Use this URL to cite or link to this record in EThOS: http://ethos.bl.uk/OrderDetails.do?uin=uk.bl.ethos.695281
Title: The impact of organisational change on professionals working within a Community Mental Health Team (CMHT) : a psychodynamic perspective
Author: Hanley, Bridget
ISNI:       0000 0004 5994 9456
Awarding Body: Staffordshire University
Current Institution: Staffordshire University
Date of Award: 2016
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Abstract:
The recent Francis Report (2013) emphasised how organisational culture within the NHS represents an important determinant of safe and effective health care systems. Therefore, it is crucial to inquire into the contexts and causes of dysfunctional organizational dynamics within the NHS. A review of the literature was undertaken, focusing on the relationships between professional role ambiguity, role conflict and team culture in community mental health. The review identified that role ambiguity and role conflict have detrimental consequences to services, creating tensions between staff members, adversely impacting on the continuity and appropriateness of workload. The need for further research into the impact on client care is also highlighted by this review. Finally, the review suggests that there is a need for role ambiguity and conflict to be managed more effectively, enabling staff to work within a stable and supportive context. The second part of this thesis comprises a research study using grounded theory methodology to explore the impact of organisational change on staff working within a community mental health team. The study revealed that staff experienced a sense of denigration of professional values and low morale in the face of austerity measures, incessant regulation and industrialising therapy. The analysis identified a number of social defences within the team. The findings of this study suggest increased consideration should be given to the way in which rapid change and restructuring of mental health services dismantle the containing aspects of the organisation. The practical implications include a need for better balance between work structures and systems, and the needs of individuals. The final part of this thesis is a reflective account of the author’s experience of undertaking the research, including reflections on the literature review, methodology and findings, implications of the study and possible areas for future research.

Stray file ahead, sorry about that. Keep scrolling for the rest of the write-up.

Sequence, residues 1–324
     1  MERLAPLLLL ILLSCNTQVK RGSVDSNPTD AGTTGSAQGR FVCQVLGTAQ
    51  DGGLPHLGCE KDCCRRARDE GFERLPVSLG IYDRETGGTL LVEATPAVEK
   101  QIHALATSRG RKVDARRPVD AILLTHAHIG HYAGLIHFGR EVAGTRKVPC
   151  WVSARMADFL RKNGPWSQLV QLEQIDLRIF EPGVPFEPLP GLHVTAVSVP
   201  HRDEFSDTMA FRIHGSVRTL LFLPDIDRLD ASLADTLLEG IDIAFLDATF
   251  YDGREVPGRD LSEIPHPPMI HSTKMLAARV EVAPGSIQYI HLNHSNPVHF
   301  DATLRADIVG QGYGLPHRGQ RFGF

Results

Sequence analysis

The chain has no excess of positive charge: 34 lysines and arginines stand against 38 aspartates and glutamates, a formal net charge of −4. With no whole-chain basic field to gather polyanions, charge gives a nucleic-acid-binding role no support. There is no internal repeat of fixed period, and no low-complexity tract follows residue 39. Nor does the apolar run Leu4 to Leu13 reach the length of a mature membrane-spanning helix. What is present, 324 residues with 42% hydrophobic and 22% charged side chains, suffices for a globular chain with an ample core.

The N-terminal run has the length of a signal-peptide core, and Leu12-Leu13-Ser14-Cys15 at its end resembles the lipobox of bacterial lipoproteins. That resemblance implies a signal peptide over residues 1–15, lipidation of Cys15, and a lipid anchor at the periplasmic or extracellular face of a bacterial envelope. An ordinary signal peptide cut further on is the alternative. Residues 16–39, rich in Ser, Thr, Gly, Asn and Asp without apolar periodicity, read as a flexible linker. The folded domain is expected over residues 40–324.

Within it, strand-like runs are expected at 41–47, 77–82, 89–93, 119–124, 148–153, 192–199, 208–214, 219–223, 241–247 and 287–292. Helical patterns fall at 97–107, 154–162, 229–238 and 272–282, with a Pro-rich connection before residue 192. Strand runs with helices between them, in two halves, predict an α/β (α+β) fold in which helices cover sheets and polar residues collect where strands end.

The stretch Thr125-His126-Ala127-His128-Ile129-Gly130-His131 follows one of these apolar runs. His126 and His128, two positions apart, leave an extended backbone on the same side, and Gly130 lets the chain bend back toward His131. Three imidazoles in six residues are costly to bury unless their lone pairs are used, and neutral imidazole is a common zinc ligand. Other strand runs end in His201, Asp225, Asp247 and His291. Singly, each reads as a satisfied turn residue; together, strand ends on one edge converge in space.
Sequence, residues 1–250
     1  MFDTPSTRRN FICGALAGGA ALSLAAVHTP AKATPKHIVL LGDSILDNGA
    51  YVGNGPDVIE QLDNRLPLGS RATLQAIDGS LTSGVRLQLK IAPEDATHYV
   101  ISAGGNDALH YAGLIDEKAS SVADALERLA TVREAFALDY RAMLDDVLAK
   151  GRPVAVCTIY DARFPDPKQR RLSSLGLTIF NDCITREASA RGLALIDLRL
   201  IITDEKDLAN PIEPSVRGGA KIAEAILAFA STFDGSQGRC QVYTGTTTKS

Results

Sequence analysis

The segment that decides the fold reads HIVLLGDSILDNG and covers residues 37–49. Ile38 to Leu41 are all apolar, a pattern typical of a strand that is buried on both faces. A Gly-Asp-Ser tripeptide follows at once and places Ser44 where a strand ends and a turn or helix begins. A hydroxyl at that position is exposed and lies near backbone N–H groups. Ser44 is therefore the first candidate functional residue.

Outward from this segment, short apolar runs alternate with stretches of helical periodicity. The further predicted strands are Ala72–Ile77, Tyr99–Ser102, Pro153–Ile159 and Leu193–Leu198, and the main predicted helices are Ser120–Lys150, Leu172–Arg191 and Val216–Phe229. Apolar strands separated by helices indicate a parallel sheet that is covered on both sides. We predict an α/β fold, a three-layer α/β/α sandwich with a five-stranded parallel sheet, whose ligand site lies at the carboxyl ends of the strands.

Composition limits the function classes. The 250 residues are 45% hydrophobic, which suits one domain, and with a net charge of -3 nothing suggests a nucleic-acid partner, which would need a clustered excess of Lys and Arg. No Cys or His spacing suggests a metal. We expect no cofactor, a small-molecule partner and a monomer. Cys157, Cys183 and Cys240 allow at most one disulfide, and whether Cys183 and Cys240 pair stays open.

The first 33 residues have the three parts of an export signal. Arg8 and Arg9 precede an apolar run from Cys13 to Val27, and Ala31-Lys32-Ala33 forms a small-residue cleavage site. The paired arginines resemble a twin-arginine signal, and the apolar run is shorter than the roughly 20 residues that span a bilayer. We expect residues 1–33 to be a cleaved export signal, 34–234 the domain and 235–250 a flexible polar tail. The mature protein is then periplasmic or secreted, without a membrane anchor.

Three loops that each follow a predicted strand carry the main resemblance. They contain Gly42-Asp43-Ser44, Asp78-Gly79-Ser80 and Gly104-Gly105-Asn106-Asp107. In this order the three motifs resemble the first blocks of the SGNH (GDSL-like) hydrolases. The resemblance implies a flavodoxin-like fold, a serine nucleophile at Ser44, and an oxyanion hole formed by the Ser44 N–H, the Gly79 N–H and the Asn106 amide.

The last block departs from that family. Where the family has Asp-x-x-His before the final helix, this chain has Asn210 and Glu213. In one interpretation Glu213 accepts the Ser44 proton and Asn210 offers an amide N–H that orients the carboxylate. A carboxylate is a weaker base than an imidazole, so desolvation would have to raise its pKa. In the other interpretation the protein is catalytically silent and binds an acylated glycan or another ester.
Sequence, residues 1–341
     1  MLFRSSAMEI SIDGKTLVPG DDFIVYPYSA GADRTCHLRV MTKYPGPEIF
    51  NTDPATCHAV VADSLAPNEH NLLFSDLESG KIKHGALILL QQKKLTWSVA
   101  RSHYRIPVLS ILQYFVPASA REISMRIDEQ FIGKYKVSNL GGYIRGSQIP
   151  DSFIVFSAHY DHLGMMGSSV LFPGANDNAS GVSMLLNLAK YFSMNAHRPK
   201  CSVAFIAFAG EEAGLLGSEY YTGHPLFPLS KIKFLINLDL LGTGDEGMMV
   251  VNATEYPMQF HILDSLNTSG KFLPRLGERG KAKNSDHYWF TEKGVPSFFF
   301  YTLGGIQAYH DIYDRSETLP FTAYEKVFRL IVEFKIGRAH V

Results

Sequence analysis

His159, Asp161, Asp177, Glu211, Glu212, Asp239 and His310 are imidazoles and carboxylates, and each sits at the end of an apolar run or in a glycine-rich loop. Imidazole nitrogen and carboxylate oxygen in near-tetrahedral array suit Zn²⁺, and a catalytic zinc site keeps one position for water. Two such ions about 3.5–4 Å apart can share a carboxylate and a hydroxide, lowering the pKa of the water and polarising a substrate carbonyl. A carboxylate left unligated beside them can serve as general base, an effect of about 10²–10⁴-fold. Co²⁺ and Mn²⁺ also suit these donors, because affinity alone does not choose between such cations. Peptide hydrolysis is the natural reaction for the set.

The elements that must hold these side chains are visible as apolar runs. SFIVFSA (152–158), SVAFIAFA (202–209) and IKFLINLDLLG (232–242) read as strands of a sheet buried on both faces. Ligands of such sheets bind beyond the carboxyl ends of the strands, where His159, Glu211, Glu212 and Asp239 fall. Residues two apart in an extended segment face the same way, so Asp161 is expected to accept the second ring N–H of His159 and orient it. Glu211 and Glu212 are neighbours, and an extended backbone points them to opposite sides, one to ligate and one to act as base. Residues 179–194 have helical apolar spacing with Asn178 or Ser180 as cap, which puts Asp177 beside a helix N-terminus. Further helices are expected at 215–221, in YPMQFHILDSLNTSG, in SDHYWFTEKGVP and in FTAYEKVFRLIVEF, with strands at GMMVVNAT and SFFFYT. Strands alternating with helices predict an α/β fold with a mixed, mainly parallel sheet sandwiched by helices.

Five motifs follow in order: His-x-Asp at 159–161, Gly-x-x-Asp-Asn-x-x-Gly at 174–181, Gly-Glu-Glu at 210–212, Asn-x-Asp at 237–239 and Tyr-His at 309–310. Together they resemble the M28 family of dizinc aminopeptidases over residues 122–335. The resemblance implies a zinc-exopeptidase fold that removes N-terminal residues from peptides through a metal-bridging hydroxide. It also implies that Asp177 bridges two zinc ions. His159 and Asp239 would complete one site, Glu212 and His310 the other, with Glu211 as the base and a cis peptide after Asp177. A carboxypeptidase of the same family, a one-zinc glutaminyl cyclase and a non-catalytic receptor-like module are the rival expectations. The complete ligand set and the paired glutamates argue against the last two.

Supervisor: Not available Sponsor: Not available
Qualification Name: Thesis (D.Clin.Psy.) Qualification Level: Doctoral
EThOS ID: uk.bl.ethos.695281  DOI: Not available
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